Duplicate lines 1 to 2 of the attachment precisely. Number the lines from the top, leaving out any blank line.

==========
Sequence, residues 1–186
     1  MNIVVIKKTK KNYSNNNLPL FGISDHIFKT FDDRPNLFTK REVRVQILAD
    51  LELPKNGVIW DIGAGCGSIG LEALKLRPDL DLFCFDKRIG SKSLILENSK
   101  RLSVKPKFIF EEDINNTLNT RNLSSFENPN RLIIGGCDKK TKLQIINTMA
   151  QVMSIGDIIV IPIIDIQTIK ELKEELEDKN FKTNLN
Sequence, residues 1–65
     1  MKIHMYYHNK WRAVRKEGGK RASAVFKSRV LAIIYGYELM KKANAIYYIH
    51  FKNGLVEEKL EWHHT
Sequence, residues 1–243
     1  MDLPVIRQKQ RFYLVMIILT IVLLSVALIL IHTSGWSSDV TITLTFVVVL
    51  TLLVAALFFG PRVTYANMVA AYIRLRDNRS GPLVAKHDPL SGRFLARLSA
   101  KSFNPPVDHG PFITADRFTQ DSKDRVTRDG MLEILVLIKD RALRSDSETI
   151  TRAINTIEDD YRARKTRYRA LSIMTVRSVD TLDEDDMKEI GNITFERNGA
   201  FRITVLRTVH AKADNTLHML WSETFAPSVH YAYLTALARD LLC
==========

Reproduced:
Sequence, residues 1–186
     1  MNIVVIKKTK KNYSNNNLPL FGISDHIFKT FDDRPNLFTK REVRVQILAD